their own uncontrolled discretion may determine.
(e) The Trustees shall be empowered to abandon any property, real or personal, which they consider not worthy of retention and maintenance.
(f) The Trustee may loan money upon such terms and conditions as he shall determine to any individual who is then a beneficiary of the trust estate or who might on any contingency thereafter become such beneficiary."
The plaintiff further contends that even in view of the powers provided for above, the corpus of the trust cannot be diverted from the charitable to the noncharitable beneficiaries unless the trustee exercises his discretionary administrative powers in such a manner as to commit a flagrant breach of his fiduciary obligations, a result which is prevented by the law of New Jersey which governs this testamentary trust.
The court has pointed out, supra, that with respect to the transfer of a remainder interest to a charitable institution where there is an intervening life estate, § 20.2055 sets forth the so-called ascertainability requirement upon which the Commissioner relies. The purpose of that requirement is to attempt to insure that the charitable remainder interest will receive at least the amount of the charitable deduction. Miami Beach First Nat'l Bank v. United States, 69-1 T.C. para. 12,627 (S.D.Fla.1969), on appeal to 5th Cir. Consequently, pursuant to § 20.2055, a power which is not limited by an ascertainable standard results in the loss of the charitable deduction. However, this court is of the opinion that the existence of discretionary administrative powers present in the case at bar is not the equivalent of an unlimited power of invasion and does not render a charitable remainder interest nondeductible. Federal courts throughout the country have consistently so held. See Peoples Trust Co. of Bergen County v. United States, 311 F. Supp. 1197 (D.N.J.1970) on appeal to 3d Cir.; Bankers Trust Co. v. United States, 308 F. Supp. 545 (S.D.N.Y.1970); Gardiner v. United States, 69-2 U.S.T.C. para. 12,628 (D.Ariz.1969), on appeal to 9th Cir.; Miami Beach First Nat'l Bank v. United States, supra; Estate of Phyllis W. McGillicuddy, 54 T.C. 315 (1970); Estate of Lillie MacMunn Stewart, 52 T.C. 830 (1969), on appeal to 3d Cir.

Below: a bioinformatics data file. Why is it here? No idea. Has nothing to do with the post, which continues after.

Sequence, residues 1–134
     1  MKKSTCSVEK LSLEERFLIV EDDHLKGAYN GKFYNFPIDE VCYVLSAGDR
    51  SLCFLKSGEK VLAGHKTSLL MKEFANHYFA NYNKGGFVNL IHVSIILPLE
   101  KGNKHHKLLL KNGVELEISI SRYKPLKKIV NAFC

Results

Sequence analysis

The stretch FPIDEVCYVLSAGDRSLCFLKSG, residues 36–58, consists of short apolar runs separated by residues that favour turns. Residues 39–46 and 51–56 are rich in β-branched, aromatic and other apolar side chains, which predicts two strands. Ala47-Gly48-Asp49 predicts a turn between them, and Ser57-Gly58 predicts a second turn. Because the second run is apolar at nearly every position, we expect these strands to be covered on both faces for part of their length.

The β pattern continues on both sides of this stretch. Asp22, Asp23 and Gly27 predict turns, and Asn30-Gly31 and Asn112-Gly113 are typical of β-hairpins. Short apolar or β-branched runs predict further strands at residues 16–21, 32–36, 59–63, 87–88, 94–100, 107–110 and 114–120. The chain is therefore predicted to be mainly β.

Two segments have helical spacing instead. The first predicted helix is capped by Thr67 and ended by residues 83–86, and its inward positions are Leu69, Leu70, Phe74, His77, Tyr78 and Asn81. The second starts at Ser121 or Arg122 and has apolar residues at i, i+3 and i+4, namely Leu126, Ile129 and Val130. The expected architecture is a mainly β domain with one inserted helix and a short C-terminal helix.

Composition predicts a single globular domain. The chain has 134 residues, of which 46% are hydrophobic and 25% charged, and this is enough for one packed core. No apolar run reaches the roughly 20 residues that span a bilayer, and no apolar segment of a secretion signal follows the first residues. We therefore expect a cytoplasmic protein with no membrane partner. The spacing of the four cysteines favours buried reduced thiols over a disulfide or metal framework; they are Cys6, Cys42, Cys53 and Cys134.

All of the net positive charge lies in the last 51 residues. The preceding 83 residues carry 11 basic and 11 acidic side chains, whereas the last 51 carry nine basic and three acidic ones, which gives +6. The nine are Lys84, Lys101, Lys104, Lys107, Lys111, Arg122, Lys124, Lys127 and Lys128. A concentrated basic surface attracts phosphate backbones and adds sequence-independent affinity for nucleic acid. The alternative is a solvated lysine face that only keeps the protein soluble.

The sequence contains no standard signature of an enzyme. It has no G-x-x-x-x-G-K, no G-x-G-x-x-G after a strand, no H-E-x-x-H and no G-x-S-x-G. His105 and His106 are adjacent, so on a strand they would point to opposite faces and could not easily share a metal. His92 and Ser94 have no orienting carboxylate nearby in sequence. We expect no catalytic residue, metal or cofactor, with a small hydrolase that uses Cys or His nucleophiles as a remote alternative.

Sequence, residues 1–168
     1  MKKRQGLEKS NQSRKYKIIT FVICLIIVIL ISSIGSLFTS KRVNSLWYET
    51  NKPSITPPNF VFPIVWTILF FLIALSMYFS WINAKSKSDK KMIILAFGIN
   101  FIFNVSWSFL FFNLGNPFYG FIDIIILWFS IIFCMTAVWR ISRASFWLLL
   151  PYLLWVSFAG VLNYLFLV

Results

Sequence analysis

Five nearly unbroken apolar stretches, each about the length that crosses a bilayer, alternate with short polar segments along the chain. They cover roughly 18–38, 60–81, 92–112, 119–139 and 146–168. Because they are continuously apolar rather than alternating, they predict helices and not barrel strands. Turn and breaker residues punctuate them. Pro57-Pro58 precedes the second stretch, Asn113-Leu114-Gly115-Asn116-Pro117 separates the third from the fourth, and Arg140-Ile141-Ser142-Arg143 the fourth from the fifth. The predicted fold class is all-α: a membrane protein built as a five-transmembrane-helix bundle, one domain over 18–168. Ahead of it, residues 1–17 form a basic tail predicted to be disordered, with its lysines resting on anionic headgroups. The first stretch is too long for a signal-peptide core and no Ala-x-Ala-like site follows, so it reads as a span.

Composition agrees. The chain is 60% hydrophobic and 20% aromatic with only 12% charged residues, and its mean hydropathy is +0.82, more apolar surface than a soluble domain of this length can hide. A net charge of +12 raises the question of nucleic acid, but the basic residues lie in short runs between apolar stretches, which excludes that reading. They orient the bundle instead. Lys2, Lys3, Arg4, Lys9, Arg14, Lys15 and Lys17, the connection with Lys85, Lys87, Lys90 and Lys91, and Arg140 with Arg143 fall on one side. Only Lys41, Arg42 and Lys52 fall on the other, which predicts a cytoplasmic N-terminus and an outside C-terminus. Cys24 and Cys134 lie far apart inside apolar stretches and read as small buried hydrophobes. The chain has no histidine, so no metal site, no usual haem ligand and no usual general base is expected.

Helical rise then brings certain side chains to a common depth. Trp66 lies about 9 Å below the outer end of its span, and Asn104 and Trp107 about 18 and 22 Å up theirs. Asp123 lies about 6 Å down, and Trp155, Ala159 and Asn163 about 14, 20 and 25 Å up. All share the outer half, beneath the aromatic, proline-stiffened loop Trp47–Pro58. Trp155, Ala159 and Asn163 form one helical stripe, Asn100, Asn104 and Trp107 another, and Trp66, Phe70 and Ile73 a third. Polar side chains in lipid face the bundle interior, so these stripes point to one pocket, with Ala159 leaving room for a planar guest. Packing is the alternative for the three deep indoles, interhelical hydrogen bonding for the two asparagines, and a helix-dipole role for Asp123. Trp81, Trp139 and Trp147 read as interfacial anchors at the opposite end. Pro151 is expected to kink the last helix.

Furthermore, it is clear that in New Jersey the trustee of a trust having both life beneficiaries and remaindermen cannot exercise his discretionary investment powers in such a manner so as to favor the life beneficiaries at the expense of the remaindermen or vice-versa. Clearly his duty is to administer the trust with due regard to the respective interests of the successive beneficiaries. See Cohen v. First Camden Nat'l Bank & Trust Co., 51 N.J. 11, 237 A.2d 257 (1967); In re Koretzky, 8 N.J. 506, 86 A.2d 238 (1951); Pennsylvania Co. for Insurance on Lives and Granting Annuities v. Gillmore, 137 N.J.Eq. 51, 43 A.2d 667 (Ch.1945). Judge Coolahan's opinion in Peoples Trust Co., supra, is illuminating on this point. There also, the United States was concerned about the trustee using its power to invade the corpus to the detriment of a charitable remainder. However, in light of the principles of law referred to above, the court concluded that "* * * the trustee's duty to the charitable beneficiary negates the notion that any invasion of corpus, as foreseen by the defendant, could occur * * *." This court has reached the same conclusion.
Additionally, as the plaintiff has pointed out, it cannot be assumed that the trustee will exercise his powers in breach of his fiduciary responsibility. It must be assumed that since it is required under the law of New Jersey, he will exercise his powers in a way which will not favor the life beneficiary over the remaindermen. If he did so exercise his powers, the remaindermen or the Attorney General, acting on their behalf, could prevent such action and compel the trustee to discharge his fiduciary duty to preserve the charitable remainders.
Accordingly, the plaintiff's motion for summary judgment is granted and the defendant's cross motion for summary judgment is denied. Counsel for the plaintiff shall submit an appropriate order in conformity with the foregoing.